Code Girls by Liza Mundy

Rate: 4/5

Medium: Audiobook

Overview (No Spoilers)

Code Girls was the remarkable account of women codebreakers during World War II and the society molds they broke during this tumultuous time. The breakthroughs these inspirational women achieved with little to no recognition had major and immediate impacts on the Allies’ active war effort. Mundy brings to life not only the stories of these codebreakers, who held their secrets for decades, but more so allowed their vibrant unique personalities and senses of humor to shine with amusing romantic and life anecdotes of these young women. Additionally, Mundy spent significant effort highlighting views from the time period and social norms encountered on a daily basis from sexism to job availability and expectations. Due to the secrecy surrounding the projects, even their families later in life didn’t know the important work the women were engaged in during the war. I had a hard time putting myself in their shoes and imagining not only accepting, but also moving significant distances for a job that I knew nothing about.  The numbers of American women employed as codebreakers during the war was astonishing, although how quickly the women were pushed out post war was disheartening. I couldn’t help but be curious about the Cold War codebreaking mentality as it was slightly touched on toward the end of the Code Girls. Overall, the high level of research Mundy conducted to write Code Girls is evident, and enhanced with eloquent interweaving of the incredible feats and amusing stories achieved and lived by these extraordinary women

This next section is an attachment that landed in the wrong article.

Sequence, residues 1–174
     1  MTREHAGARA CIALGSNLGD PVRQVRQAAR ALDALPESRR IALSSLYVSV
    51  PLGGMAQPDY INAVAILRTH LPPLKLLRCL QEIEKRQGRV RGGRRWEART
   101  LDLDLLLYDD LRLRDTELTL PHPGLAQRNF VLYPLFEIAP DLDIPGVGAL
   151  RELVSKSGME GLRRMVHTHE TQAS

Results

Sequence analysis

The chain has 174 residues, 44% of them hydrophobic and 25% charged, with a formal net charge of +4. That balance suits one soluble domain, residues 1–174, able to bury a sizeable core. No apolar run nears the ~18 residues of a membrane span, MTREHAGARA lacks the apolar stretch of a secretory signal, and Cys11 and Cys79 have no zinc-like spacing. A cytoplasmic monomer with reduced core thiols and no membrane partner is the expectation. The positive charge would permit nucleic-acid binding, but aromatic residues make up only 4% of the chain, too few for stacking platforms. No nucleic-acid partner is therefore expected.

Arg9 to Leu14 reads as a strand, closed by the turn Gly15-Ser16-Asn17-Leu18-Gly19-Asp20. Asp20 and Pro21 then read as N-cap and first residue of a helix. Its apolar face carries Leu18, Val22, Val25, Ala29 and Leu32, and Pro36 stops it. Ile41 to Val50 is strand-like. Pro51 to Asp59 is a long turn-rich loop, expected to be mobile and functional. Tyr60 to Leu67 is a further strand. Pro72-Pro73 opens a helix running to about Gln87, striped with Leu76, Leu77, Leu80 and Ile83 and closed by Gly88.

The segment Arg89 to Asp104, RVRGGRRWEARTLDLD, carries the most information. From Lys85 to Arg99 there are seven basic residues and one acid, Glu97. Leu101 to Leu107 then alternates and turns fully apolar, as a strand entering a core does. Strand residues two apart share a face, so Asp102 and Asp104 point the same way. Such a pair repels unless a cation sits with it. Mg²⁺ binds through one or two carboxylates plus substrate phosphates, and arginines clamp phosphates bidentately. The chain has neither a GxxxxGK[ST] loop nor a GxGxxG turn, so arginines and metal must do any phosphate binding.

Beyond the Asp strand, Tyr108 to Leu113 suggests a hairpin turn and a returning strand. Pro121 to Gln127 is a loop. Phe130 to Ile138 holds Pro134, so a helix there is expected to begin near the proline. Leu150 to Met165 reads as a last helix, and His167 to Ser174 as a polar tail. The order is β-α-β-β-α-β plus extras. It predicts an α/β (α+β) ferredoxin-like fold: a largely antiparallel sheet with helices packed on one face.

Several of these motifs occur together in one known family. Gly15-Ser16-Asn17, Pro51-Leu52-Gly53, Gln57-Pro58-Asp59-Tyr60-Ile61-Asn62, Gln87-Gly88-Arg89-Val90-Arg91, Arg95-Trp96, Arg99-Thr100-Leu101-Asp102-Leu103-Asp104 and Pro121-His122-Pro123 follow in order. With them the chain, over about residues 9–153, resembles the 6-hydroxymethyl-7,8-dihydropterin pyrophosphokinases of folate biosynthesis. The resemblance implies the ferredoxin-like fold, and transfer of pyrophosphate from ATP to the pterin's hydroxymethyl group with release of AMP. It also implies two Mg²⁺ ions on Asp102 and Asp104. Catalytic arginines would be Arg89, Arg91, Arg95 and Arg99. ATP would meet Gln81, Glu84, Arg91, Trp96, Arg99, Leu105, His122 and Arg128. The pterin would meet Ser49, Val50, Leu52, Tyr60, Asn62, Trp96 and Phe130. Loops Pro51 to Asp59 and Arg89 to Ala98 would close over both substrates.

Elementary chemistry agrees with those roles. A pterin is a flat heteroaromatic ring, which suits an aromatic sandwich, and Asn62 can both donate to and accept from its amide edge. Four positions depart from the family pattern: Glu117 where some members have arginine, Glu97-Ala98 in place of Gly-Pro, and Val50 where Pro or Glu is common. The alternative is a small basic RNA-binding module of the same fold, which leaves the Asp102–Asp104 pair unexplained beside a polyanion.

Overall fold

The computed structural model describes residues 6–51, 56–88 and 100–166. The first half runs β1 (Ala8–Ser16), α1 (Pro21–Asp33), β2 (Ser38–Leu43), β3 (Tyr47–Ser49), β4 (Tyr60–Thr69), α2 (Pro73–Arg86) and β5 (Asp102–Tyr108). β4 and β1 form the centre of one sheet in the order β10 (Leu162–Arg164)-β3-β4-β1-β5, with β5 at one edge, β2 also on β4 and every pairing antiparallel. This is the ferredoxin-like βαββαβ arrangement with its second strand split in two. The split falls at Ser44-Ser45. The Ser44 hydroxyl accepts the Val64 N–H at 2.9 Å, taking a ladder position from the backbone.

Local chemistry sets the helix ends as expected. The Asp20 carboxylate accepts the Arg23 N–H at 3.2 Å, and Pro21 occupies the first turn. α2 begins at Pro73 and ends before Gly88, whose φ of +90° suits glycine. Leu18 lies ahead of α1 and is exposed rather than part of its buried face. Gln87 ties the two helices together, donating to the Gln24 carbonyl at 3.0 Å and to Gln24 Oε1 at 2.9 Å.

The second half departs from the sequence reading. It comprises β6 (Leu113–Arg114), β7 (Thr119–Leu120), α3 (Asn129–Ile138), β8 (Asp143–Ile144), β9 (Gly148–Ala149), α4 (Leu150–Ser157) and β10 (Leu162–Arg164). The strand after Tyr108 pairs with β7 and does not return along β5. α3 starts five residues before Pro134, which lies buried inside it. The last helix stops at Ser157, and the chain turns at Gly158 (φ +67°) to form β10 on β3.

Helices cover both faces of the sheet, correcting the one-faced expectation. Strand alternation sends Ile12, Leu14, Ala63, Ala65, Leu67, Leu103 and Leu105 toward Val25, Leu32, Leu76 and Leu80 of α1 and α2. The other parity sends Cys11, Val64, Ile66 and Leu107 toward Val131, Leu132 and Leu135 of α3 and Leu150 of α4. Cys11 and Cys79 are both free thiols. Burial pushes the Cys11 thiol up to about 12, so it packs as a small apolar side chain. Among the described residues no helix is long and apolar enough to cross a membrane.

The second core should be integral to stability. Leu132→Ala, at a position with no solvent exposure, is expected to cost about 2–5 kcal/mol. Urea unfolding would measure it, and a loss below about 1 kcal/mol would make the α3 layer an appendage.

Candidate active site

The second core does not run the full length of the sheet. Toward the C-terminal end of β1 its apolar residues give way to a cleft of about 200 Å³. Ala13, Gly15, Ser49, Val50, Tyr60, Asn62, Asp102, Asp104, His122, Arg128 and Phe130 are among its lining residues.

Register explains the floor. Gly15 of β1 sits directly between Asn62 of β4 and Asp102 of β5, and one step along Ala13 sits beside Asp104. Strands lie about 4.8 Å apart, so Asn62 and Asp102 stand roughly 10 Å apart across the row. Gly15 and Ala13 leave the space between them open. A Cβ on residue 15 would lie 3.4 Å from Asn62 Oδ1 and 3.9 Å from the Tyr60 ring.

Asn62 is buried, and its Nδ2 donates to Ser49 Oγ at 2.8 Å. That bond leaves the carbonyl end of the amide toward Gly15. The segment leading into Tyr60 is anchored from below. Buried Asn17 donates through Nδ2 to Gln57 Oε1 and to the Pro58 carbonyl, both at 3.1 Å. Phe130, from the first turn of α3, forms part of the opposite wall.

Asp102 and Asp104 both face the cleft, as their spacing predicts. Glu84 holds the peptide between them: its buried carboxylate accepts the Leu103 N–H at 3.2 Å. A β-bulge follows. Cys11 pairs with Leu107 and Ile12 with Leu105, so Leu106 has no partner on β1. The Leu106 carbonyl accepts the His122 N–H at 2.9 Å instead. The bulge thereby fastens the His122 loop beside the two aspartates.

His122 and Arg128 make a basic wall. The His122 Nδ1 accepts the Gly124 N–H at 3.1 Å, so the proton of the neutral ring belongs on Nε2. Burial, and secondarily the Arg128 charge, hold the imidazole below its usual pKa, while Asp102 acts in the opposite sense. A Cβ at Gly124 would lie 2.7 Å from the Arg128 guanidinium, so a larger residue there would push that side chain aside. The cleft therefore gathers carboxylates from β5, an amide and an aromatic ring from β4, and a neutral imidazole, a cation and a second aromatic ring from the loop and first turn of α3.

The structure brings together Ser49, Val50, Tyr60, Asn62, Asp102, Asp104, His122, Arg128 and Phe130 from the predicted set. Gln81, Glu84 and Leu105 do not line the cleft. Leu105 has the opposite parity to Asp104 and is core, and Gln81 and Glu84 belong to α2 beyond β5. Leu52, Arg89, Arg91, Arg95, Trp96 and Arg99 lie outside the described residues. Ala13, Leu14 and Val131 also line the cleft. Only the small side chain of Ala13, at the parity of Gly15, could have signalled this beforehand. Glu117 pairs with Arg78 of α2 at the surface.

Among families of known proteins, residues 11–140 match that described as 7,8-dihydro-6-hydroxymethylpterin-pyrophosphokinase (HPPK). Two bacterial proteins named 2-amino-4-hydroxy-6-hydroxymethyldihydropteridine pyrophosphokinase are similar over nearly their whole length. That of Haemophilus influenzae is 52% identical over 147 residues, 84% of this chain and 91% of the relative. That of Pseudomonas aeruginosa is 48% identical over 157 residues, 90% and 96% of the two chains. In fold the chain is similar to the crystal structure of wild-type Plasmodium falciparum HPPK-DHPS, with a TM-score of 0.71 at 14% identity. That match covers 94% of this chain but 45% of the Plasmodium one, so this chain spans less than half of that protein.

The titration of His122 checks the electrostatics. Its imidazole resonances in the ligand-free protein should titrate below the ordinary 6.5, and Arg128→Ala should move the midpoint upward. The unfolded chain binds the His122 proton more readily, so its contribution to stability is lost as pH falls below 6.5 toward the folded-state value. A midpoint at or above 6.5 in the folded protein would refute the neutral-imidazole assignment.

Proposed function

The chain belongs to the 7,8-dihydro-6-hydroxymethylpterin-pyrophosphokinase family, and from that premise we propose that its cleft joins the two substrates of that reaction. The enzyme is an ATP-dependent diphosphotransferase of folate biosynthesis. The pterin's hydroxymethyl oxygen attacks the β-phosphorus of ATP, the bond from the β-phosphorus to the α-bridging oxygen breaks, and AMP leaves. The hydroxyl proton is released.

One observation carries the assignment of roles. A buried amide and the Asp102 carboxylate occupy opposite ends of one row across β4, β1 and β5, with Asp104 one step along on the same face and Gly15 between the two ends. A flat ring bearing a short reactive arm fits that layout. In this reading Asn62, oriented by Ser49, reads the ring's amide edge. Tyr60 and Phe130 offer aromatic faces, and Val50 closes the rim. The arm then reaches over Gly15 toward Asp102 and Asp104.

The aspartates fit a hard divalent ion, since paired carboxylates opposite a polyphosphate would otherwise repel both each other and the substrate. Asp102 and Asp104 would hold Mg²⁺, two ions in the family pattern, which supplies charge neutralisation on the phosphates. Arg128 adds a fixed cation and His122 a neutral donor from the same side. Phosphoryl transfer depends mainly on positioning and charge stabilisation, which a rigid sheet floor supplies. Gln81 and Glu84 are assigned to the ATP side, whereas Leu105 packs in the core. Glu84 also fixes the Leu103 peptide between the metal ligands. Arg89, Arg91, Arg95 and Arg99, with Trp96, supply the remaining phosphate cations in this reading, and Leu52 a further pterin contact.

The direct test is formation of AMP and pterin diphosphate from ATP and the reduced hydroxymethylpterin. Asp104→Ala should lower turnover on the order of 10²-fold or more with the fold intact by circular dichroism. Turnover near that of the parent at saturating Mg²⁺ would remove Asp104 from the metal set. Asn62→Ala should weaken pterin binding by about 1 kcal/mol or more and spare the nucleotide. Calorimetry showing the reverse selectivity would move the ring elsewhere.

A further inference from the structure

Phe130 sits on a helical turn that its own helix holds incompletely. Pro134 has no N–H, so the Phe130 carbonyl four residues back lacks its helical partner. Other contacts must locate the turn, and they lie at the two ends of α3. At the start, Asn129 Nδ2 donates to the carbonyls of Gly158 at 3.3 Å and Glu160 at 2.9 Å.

1. […] Manhattan Beach was first recommended to me well over a year and a half ago by a coworker who even brought the book to my desk and told me I absolutely had to read it immediately. As should be obvious from the time elapsed between when introduced and and the posting of this review, life had other plans. Shortly, after Nicole had given me the book to read, I took a new job, whereupon I returned Manhattan Beach to her with only a few chapters read. With the distraction of the new job, this title soon fell completely off my to-be-read list. It was only when a month ago that Manhattan Beach showed up on a list of available books from my local library that my memory was jogged, and the title made its way back to my possession.  This novel took several chapters to get warmed up, but Egan’s eloquent writing style swirled with each ebb and flow of the alternating view points, drawing the reader ever further into the depths of this emotionally toying read. Egan touches on several, various topics throughout this evolving read from the Great Depression, and women’s rights, to disabilities in the 1920-1940s and World War II. Despite covering a wide ranging topics, they’re woven, seamlessly together in a story that will evoke the full spectrum of emotions, all the while keeping the reader on their toes as to the direction the story is headed due to the key placement of several unexpected plot twists. The characters were meticulously crafted and imbued with depth through the aid of subtle cues during inner dialogue or interactions that seemingly effortlessly added layer by layer. Toward the end, just as the arc was winding to its zenith, Egan’s characters seemed to stumble in stark contrast to the foundation that had been carefully crafted throughout the read. The stressful sequence of events leading up to the story altering twist took on a forced nature that seemed to stand out, breaking the reading trance I love falling into while reading. This hitch aside, Manhattan Beach wove a haunting account of heartbreak and perseverance during a time of change and uncertainty in the United States, that managed to tie nicely my recent read, Code Girls. […]

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